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On massive Cabernet Sauvignons

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Review: Steven Kent 2018 The Lineage Cabernet Sauvignon (Livermore Valley): $125.

Right off the bat, this 100% Cabernet tastes important. Flashy. Balanced, elegant. Pinpoint Cabernet character. Very rich, tannic and full-bodied, almost a food group in itself. Masses of blackberries and currants, new French oak, and an inviting olivaceous character.

EVOLUTION IN THE GLASS. The wine maintains interest through the first hour. In fact, it barely changes, in the way of a fine, youthful Cabernet. Chewy, soft, complex, no flaws.

NEXT NIGHT: Quite unchanged. Still rich, sweet, unctuous, balanced, delicious.

DISCUSSION: What is the role of a wine like this in modern life? The price alone makes it difficult for the average person to buy, but that’s true of many great wines, so while it may be sad, it’s reality. Then there is the enormity of the wine itself. I try to come up with metaphors and one that recurs is that this wine is like an expensive vacation to a tropical rain forest where everything is fantastically exotic. You go to, say, the Oso Peninsula in Costa Rica and are mesmerized by the fabulosity of the jungle, with its verdant plants, screeching parrots, psychedelic butterflies and colorful flowers. There is wonderment at every step.

But would you want to live there? Could you? Same with this wine. It’s a destination, an expensive pleasure dome for those looking for vinous adventure who can afford the journey. This is not to put the wine down; I could say the same about Sassacaia or Harlan or Petrus, for that matter. But it is to put things into perspective.

There’s more. The fact is that there are other wines like this Cabernet in California, and some cost quite a bit more. I don’t taste widely anymore, but I do keep up with wine reviews by critics, and I know that a 97-point Cabernet is hardly a rarity.

What this breaks down to, for me, are a couple things. One, which from a historical standpoint is important, is that Steven Kent continues to be the maestro of the Livermore Valley. If anyone else comes close, please tell me. He is presenting Bordeaux-style wines that rival anything from Napa Valley or Sonoma County or Paso Robles—the three great Cabernet regions of California. That, surely, is an accomplishment, given Livermore’s placement in the necklace of jewels ringing San Francisco Bay, and its under-performance of the last several decades relative to those other areas.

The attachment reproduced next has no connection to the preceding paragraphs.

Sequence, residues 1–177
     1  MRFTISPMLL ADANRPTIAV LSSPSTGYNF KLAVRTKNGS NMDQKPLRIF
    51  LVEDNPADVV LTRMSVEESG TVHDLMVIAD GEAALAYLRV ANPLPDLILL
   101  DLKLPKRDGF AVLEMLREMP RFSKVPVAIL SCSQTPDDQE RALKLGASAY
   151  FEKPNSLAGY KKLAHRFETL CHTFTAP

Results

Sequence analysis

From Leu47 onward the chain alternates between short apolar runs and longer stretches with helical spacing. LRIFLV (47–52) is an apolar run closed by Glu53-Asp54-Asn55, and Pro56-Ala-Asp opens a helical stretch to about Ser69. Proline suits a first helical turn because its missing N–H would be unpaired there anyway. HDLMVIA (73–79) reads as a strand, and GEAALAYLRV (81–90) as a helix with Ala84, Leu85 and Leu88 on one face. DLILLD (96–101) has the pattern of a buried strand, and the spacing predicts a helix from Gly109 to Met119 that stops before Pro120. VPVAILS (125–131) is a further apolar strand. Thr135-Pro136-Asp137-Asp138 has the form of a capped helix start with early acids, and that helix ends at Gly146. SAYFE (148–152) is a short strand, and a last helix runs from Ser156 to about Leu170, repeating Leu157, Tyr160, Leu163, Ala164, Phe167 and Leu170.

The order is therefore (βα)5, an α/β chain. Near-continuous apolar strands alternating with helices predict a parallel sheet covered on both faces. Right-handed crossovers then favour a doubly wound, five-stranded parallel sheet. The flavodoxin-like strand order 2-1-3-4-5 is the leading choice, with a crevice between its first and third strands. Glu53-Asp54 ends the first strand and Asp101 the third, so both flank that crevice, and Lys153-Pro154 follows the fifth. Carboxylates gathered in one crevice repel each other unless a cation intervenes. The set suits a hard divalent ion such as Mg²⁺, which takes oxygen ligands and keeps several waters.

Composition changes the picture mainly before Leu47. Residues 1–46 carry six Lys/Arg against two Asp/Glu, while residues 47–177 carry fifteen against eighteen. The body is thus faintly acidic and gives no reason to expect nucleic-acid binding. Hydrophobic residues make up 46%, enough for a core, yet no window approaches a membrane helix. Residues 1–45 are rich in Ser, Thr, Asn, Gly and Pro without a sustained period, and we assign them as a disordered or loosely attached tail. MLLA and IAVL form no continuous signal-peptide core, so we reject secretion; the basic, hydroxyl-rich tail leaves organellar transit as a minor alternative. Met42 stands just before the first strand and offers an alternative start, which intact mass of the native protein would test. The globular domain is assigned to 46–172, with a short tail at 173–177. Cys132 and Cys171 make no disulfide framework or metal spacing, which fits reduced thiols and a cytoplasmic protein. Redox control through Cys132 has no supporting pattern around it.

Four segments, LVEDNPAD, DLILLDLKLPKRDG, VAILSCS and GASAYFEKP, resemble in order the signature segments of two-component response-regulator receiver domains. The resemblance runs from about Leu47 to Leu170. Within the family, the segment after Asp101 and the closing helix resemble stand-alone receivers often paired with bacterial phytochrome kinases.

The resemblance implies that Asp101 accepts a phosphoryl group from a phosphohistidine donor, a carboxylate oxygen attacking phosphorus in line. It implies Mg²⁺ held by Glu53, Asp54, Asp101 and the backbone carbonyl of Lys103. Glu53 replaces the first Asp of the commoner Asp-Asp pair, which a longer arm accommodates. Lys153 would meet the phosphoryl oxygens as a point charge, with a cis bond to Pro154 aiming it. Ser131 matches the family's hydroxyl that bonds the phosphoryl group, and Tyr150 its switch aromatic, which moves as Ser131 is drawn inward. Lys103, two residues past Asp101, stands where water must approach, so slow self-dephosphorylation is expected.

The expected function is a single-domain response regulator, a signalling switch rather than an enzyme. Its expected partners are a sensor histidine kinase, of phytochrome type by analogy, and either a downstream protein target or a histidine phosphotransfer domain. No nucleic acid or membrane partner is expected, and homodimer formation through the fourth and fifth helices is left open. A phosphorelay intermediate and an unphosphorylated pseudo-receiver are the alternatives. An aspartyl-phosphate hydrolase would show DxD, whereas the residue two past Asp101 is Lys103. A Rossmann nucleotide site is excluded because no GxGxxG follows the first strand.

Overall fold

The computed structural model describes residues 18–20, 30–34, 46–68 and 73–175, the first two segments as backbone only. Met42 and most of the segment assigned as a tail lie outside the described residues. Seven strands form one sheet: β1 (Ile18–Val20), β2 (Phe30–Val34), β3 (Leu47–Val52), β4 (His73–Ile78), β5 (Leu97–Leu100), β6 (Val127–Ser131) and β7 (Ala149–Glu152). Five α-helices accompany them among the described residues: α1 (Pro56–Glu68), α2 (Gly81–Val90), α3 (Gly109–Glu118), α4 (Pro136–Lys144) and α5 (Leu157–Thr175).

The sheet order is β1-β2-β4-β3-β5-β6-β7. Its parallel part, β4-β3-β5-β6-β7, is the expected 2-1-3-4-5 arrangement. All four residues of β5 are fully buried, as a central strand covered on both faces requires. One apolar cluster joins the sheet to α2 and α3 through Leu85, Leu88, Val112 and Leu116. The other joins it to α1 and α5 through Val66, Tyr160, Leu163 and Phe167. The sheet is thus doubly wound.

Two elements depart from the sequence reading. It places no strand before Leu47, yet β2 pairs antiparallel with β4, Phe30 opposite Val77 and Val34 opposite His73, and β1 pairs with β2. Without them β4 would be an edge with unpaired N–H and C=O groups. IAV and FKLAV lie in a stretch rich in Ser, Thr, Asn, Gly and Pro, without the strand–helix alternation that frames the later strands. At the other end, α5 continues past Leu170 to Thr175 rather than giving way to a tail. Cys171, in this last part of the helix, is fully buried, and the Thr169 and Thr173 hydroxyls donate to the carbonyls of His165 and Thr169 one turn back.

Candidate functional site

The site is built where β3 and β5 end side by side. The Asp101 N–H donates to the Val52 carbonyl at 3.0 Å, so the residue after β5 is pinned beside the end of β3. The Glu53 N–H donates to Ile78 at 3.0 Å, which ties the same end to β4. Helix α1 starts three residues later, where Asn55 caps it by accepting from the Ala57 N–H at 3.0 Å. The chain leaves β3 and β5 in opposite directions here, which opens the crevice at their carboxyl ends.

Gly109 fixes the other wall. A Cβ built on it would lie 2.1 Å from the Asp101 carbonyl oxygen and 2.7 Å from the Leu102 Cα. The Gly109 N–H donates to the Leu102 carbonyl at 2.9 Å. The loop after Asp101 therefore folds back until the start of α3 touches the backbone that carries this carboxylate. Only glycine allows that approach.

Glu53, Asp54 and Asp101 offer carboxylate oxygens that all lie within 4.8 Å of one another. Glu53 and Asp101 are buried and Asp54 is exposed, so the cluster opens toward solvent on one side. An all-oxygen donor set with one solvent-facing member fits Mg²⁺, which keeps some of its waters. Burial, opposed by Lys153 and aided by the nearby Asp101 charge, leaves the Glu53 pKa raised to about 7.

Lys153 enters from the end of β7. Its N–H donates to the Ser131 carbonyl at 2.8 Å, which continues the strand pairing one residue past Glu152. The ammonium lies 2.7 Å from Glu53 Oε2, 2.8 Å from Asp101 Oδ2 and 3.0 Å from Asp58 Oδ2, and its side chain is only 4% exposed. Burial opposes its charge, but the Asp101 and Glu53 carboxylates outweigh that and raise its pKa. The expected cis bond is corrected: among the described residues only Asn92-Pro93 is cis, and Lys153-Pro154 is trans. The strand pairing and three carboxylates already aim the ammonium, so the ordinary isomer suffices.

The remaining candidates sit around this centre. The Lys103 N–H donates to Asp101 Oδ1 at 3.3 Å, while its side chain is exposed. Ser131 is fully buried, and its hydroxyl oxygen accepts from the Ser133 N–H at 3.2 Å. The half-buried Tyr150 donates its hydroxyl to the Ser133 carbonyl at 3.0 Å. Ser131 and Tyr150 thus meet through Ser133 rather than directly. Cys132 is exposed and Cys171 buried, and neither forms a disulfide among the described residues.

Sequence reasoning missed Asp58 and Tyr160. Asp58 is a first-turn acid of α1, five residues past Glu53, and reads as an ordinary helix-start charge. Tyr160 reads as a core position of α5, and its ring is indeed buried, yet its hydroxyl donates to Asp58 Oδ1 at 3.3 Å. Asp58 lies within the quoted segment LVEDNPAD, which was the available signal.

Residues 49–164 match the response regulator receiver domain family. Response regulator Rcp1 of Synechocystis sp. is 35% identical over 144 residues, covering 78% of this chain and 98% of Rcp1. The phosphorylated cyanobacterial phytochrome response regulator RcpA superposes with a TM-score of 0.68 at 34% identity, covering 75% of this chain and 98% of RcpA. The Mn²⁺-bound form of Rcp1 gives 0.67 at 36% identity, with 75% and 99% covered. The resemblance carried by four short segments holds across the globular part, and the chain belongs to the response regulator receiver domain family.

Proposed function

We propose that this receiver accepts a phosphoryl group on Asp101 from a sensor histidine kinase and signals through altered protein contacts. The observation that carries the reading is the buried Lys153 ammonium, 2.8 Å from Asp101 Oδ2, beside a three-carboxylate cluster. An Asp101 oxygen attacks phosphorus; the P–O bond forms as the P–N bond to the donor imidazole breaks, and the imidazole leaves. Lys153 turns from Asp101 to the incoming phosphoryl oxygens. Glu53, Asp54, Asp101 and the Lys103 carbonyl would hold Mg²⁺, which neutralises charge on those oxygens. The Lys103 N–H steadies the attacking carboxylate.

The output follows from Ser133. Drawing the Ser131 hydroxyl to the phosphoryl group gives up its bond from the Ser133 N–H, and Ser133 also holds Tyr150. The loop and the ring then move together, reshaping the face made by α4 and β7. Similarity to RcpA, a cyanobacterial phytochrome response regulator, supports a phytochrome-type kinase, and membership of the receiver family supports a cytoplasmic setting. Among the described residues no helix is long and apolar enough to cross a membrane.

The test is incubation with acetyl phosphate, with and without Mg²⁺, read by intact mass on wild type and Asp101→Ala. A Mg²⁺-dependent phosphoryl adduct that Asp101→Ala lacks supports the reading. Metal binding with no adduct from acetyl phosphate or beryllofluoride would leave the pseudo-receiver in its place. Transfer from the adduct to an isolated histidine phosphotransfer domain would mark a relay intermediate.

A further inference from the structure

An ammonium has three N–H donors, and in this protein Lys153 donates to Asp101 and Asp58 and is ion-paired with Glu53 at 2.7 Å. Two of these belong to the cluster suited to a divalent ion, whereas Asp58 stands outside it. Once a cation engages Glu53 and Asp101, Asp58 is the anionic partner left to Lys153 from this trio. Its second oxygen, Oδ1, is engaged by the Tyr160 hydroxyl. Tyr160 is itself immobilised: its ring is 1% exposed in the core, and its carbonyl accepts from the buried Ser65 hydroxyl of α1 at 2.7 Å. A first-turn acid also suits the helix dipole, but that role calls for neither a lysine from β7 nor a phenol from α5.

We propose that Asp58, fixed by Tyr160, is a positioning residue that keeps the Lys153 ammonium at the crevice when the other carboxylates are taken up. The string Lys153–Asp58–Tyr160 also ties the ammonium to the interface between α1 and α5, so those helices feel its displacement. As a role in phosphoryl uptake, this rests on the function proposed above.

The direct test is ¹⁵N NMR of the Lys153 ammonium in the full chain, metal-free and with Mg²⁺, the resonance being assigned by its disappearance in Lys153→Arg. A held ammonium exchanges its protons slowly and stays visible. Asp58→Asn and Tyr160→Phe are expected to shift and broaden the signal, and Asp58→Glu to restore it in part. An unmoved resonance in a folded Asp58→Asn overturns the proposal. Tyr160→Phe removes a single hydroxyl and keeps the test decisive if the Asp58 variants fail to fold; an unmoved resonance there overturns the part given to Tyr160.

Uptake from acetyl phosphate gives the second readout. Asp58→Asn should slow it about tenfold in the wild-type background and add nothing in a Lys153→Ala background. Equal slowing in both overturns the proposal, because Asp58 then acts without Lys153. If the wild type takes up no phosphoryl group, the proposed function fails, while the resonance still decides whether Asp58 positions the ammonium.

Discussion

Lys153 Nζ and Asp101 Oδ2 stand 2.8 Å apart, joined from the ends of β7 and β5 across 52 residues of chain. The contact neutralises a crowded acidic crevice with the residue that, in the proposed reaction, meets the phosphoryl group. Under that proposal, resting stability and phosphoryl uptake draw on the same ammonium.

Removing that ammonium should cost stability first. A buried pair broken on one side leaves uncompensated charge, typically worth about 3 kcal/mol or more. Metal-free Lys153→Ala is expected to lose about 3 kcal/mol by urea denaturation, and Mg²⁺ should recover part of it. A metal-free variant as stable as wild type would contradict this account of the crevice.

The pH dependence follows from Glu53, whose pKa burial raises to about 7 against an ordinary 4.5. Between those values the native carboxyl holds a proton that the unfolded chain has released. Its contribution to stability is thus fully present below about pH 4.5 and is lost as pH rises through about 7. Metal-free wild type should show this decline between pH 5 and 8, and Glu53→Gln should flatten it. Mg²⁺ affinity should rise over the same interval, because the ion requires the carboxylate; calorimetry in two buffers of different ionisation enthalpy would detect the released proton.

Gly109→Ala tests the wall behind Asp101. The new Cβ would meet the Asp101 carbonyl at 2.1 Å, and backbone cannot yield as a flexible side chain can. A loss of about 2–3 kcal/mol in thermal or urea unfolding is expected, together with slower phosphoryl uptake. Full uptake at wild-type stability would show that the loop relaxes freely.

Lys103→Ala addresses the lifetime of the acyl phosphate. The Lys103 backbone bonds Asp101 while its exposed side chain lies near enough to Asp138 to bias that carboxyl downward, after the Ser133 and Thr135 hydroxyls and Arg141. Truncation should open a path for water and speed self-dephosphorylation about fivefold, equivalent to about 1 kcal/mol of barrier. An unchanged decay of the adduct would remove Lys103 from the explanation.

Another aspect of interest is the wine’s ageability. Consumers have grown used to the idea that an expensive Bordeaux-style wine must necessarily benefit from, if not require, bottle aging. That may be true of a Medoc First Growth or certain Italian Cabernets, but it was never true for California, and I admit to having peddled that line in my day, not consciously as a lie, but because I believed it. But in recent decades vintners have learned how to make even a 100% Cabernet lush and drinkable on release.

So is the 2018 The Premier ageable? I’m now reluctant to issue authoritative pronouncements, because I’ve tasted so many wines I thought were ageable that sucked. Anyway I suspect most people who buy the wine (and there were only a little more than 2,000 bottles produced) are not going to stick it in the cellar for long. Nor should they; as I’ve said, the sheer richness and opulence make it instantly loveable.

I suppose most bottles will be sold in restaurants, especially steak houses. If you’re willing to drop a lot of money, you’ll find a spectacular Cabernet to pair with that steak. It will not pall during a long meal as it warms and breathes in the (hopefully) big glass. With each sip you’ll discover new nuances. You’ll talk about the wine to your friends afterwards. It will reinvent your conception of Livermore Valley. But you might find yourself afterwards craving something lighter, crisper, more delicate and lower in alcohol. After all, you can’t live in the rain forest for very long.

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